First Person Singular: Joyce Motors president Susan Myers
My dad retired in '98, and my brother and other three sisters weren't interested, so here I am. I have a degree in accounting, and I wanted to be an artist. I taught some pottery classes, did some substitute teaching. I was a Girl Scout leader for 10 years, even started a camp. But I'd lived most of my life among women and kids.
I remember when I first took over: a woman in a man's world, my father's world. It was scary. There were times I'd just drive home in tears. I don't blame the guys. They were thinking: You don't know anything. You can't tell a fuel pump from a brake pad. You can't tell me anything. And I'd tell them: I know, I know. But I'm going to learn it. I'm not just going to sit back and write checks. I'm going to get into the nuts and bolts. And I'm going to bring in cookies, lots of cookies.
That didn't stop me from being terrified, but I didn't have a choice. I wasn't going to be the one to pull the plug on Joyce Motors. My grandfather started Joyce Motors 70 years ago. My dad spent his whole life here. Mothers and wives tend to fade into the background sometimes, or at least I did. But it was time to pull on the cowgirl boots and stand up for myself.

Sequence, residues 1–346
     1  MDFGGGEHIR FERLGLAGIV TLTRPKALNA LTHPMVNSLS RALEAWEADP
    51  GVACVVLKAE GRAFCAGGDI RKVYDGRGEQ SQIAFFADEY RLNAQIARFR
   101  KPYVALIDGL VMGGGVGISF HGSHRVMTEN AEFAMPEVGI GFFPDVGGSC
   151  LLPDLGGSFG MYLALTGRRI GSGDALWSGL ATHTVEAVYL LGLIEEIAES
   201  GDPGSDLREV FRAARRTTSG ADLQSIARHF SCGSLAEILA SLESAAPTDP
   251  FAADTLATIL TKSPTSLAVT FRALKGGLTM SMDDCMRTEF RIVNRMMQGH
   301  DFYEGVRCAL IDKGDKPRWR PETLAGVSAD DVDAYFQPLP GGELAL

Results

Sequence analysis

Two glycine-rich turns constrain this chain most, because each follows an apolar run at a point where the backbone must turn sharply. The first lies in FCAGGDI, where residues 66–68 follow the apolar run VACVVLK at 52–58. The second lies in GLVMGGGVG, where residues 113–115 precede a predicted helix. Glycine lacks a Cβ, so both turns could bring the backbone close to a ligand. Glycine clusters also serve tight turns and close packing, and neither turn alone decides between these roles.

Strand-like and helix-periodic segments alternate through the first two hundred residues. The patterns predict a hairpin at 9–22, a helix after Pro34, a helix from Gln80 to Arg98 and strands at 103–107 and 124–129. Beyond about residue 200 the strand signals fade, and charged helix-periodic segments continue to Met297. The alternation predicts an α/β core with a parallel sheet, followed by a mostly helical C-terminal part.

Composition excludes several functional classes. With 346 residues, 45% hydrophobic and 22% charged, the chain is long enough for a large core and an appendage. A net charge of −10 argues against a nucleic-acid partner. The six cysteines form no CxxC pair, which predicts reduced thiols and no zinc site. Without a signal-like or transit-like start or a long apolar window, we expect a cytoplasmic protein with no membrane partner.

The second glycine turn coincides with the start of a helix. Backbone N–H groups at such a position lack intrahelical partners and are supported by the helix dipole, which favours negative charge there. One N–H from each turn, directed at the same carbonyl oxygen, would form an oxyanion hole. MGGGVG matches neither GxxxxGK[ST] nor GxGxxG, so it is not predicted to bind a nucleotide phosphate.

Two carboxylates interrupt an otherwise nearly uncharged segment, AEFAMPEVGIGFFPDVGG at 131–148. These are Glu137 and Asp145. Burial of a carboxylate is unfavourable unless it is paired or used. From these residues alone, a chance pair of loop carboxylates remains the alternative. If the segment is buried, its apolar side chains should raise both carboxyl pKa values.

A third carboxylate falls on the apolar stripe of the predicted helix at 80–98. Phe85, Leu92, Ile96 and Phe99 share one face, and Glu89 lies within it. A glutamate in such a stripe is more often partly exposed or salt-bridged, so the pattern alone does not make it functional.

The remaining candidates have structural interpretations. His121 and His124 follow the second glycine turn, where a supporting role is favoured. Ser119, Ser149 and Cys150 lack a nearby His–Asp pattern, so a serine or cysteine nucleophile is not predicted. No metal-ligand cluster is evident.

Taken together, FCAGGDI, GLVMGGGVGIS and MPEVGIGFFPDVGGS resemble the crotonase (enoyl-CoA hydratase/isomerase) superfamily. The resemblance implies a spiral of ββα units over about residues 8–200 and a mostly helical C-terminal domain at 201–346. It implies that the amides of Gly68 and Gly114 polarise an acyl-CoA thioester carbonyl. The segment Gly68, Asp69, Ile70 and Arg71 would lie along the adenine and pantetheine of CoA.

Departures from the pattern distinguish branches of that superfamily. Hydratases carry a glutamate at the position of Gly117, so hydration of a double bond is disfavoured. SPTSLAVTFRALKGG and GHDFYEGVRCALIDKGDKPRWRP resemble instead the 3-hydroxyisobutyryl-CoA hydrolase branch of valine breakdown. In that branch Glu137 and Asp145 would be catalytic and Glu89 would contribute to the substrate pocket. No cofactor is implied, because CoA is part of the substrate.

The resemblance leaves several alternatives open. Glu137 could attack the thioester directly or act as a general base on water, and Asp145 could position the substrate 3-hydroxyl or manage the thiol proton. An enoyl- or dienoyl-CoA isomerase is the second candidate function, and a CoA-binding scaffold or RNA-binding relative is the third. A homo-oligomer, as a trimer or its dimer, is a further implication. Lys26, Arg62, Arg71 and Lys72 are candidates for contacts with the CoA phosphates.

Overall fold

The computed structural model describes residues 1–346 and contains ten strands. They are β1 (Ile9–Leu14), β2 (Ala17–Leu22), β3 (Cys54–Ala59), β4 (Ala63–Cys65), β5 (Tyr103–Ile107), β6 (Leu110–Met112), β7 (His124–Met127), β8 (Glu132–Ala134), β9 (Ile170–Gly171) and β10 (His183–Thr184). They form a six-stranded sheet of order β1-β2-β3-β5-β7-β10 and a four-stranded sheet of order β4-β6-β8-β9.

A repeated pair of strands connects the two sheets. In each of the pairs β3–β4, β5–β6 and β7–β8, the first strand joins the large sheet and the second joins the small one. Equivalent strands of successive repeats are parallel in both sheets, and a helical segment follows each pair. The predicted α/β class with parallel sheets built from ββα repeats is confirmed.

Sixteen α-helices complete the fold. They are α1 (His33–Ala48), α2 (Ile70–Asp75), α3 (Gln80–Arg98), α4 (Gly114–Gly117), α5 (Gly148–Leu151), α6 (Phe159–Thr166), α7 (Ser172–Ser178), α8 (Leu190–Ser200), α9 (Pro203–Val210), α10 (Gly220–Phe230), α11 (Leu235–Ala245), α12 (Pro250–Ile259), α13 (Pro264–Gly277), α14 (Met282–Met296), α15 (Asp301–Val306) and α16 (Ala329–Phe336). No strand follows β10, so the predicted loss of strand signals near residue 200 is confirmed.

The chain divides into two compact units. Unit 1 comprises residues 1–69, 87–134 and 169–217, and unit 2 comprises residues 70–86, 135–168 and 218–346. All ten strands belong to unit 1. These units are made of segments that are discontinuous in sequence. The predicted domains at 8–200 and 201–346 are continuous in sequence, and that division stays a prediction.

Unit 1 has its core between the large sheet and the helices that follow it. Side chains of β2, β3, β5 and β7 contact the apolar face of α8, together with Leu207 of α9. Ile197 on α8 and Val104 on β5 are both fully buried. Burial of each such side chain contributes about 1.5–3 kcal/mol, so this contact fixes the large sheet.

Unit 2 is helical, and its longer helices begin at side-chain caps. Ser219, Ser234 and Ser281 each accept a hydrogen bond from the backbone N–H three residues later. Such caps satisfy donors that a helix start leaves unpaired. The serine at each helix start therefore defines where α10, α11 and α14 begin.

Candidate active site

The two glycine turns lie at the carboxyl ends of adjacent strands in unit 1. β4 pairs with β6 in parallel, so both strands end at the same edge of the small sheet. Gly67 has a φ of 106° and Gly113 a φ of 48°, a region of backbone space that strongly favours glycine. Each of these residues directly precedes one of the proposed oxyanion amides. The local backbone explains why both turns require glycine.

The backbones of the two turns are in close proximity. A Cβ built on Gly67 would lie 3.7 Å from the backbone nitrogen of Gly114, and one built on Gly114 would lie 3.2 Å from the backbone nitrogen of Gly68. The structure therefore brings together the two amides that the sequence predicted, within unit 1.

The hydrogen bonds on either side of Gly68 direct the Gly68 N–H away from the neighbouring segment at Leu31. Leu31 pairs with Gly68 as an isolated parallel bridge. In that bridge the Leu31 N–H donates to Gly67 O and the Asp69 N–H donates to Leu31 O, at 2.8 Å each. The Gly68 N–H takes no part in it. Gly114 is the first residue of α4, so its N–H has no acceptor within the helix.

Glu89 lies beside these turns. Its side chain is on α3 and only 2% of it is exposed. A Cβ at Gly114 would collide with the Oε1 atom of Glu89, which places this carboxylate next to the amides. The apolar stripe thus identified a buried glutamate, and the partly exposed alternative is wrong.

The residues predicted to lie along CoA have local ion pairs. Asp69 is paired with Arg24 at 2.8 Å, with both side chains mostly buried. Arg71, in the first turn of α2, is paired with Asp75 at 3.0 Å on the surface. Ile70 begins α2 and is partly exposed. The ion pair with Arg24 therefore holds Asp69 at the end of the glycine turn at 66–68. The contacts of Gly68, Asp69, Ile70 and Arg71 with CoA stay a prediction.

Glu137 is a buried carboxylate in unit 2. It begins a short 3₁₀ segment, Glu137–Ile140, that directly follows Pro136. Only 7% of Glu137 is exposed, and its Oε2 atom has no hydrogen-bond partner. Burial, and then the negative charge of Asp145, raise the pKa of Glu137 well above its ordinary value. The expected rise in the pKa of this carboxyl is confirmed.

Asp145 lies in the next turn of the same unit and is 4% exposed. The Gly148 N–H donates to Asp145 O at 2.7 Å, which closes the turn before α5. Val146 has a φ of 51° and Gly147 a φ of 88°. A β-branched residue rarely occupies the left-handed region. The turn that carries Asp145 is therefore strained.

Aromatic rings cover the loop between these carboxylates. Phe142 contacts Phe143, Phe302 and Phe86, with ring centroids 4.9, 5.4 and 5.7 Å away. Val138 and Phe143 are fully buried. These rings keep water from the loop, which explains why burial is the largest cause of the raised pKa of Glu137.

When someone says something gruff, I don't immediately say "I'm sorry" and shrink away, like I used to. I don't just nod my head and go along or ask my dad about every little thing, like I did when I started. And I've learned to stand my ground with him.
Two years ago, my fiance died suddenly. [Work] was the best distraction. I was broken, and I'd spend the day caught up in solving other people's problems. Every so often, I'd have to go in the bathroom and lose it for a minute. That's when it really started to sink in. It's not like I could just quit; I own the place.
I think a lot of women like seeing me here because they know I won't rip them off. I have the ability to calm people down. Being a teacher, you learn to be patient. You need that when talking to people about their cars. I'm the one that has to give them the bad news about what is often a very, very personal possession. My daughter is a teacher, too, and loves working here in the summer. I can hear the pride in her voice when she says "we" to customers. It's times like that when I'd look up at this picture of my grandfather hanging in the office and say, "I bet you never imagined this."
-- Interview by Amanda Long